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THERE'S NO PLACE LIKE HOME -- FOR THE OFFICE

 THERE'S NO PLACE LIKE HOME -- FOR THE OFFICE
 TORRANCE, Calif., Sept. 9 /PRNewswire/ -- With the average commute


time on the rise and corporate layoffs increasing industry-wide, it's no wonder many people are opting to stay home these days. But that doesn't mean they're not working.
 According to a recent study by the Electronic Industries Association (EIA), more than 36 percent of all U.S. households now contain a home office or dedicated office-type work space. In fact, industry experts estimate there are 34 million home office workers -- a number that is expected to reach 40 million by 1995.
 Although home offices may house businesses as diverse as plumbing and publishing, most are similar in the equipment they require.
 "The average home office should be equipped with, at minimum, a computer or typewriter and an answering machine," said Jim Oblak, vice president of marketing for PhoneMate, a leading marketer of telephone answering devices and cordless phones. "A one-time investment in these two items will yield significant gains in efficiency."
 But achieving efficiency at home goes beyond the right equipment. Many experts also recommend establishing a separate room for the home office to avoid distractions.
 Kathy Rooks-Denes operates her Gardena, Calif.-based business out of converted work room attached to her garage.
 "It's easier to separate your business and personal lives if work materials are kept in the office and not throughout the house," said Rooks-Denes.
 She recently headed home to establish K&L WordCraft, a freelance editing and writing company, after her publishing company relocated to New York.
 "I decided to put my skills to work for myself, instead of for someone else," she said. "Working at home allows me to set my own work schedule and hours."
 According to the EIA, 16 percent of those with a home office use it in the same way Rooks-Denes does -- for self-employment. The majority (41 percent) use their home office equipment for recreational and educational purposes; 23 percent bring overflow work home; 12 percent do freelance work at home; and 8 percent do full-time work at home for an employer.
 Mike Anson falls within this latter category. As the co-host of a network radio program and co-author of a syndicated automotive column, Anson writes and interviews from his home office in Redondo Beach, Calif. Although he uses a variety of equipment, Anson considers his answering machine his most important home office tool.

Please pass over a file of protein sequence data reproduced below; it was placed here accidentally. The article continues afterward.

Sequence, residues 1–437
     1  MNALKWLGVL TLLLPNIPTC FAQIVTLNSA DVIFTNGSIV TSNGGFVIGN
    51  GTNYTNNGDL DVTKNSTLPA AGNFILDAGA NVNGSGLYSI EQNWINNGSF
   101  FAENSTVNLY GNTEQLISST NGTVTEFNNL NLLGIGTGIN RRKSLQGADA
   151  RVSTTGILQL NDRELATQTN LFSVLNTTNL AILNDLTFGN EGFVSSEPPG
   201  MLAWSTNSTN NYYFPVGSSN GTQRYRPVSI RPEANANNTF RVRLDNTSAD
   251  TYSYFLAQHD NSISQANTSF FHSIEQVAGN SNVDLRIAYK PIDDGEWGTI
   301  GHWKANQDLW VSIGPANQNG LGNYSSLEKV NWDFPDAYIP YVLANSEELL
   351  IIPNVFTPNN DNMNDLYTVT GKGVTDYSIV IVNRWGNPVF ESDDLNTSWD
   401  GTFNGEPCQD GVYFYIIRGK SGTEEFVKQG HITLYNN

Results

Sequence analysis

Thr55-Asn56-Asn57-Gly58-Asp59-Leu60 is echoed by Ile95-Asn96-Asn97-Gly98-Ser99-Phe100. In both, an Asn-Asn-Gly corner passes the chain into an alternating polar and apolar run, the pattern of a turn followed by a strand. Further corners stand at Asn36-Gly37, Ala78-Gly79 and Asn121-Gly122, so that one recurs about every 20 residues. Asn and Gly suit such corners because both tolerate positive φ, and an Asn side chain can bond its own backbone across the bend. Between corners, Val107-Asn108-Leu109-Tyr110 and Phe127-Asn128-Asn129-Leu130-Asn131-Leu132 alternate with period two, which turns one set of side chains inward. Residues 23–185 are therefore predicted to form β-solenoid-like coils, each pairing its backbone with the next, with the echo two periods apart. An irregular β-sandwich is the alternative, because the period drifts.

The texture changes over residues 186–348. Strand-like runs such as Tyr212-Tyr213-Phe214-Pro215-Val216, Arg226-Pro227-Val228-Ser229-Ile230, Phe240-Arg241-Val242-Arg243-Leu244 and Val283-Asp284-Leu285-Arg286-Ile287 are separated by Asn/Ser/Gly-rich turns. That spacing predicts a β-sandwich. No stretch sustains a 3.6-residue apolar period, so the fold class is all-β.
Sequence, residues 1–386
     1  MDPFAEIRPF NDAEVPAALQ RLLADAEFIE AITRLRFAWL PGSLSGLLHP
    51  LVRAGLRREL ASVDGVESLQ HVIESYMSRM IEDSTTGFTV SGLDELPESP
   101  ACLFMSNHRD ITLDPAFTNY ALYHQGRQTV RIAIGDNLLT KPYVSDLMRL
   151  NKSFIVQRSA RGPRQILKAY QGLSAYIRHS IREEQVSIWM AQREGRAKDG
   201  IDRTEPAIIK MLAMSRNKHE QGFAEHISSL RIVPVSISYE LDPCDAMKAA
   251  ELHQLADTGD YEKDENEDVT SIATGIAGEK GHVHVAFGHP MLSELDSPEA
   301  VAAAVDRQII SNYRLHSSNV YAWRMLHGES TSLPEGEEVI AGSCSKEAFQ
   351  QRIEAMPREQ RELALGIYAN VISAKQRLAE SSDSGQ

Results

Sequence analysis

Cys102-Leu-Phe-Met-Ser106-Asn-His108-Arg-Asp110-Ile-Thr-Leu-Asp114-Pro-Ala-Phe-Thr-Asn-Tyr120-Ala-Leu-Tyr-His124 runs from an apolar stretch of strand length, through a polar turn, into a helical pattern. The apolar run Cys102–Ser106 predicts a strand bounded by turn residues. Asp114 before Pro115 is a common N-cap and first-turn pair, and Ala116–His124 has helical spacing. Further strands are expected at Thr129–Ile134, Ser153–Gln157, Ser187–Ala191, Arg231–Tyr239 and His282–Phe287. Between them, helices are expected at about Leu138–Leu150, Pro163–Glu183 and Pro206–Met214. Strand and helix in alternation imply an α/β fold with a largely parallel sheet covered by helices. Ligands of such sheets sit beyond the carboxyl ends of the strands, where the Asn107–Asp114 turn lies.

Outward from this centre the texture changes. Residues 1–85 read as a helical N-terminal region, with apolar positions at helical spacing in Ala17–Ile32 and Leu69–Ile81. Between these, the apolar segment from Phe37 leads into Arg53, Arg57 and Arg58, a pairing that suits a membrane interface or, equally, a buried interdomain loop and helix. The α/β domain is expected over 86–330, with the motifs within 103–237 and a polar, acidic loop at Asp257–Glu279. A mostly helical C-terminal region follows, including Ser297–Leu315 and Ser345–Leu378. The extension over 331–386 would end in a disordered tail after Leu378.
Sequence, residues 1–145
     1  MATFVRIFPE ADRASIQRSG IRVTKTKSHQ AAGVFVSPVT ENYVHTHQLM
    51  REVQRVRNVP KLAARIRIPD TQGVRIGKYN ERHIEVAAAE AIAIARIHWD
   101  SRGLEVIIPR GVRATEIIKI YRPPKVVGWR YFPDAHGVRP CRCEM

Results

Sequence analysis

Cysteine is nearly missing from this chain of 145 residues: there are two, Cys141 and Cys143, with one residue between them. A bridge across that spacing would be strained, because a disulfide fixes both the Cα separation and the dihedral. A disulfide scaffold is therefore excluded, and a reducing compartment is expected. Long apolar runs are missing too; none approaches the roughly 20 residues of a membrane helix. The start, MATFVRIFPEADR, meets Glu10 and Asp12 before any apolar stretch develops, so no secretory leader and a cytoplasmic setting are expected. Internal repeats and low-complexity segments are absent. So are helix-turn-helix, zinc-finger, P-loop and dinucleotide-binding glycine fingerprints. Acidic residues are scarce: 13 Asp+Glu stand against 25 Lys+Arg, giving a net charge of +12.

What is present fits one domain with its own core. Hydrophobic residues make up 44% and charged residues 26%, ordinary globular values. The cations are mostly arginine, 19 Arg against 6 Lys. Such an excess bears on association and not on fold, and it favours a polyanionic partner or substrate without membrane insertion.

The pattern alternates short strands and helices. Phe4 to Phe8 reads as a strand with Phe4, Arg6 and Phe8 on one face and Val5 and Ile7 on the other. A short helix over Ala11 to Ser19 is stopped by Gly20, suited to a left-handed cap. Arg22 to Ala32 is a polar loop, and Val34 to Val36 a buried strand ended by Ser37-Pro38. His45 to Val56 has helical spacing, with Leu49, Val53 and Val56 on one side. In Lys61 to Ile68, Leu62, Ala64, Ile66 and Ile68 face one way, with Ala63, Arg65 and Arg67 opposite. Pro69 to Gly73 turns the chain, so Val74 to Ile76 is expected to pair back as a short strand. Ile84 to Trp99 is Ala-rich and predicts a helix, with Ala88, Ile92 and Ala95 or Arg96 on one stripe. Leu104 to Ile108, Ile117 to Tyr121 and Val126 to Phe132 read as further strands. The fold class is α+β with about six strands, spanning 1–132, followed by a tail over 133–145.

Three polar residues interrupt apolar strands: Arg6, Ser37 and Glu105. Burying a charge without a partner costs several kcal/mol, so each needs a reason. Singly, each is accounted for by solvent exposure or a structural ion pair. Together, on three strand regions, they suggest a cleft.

"The answering machine permits me to write without worrying about answering phone calls," he said. "I can screen calls with my PhoneMate, and if it's urgent information for a story I'm working on, I can take the call right away."
 PhoneMate's newest answering machine also helps home office workers organize business and personal calls. PAM-2 (the Private Answering Machine with integrated telephone) brings the privacy and accuracy of voice mail directly into the home office by eliminating the need to go through one's personal messages or other household members' messages to collect business calls.
 Up to three PAM-2 units and a primary answering machine can be combined on a single phone line via a room's phone jack. This combination forms a personalized household/business message system for the home office, allowing callers to leave separate messages for family members or business associates.
 "As the number of home office workers continues to grow, we are going to see more and more products aimed at streamlining home operations," Oblak said.
 And with the home office category booming, it may be that the ideal home of the future has three bedrooms, two baths and a business license.
 -0- 9/9/92
 /CONTACT: Suzanne Nastaskin or Liz Finnigan of Bob Thomas & Associates, 310-314-6600, for PhoneMate/ CO: PhoneMate ST: California IN: HOU CPR SU:


SM -- NYCFNS8 -- 7299 09/09/92 06:53 EDT
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Copyright 1992 Gale, Cengage Learning. All rights reserved.

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Date:Sep 9, 1992
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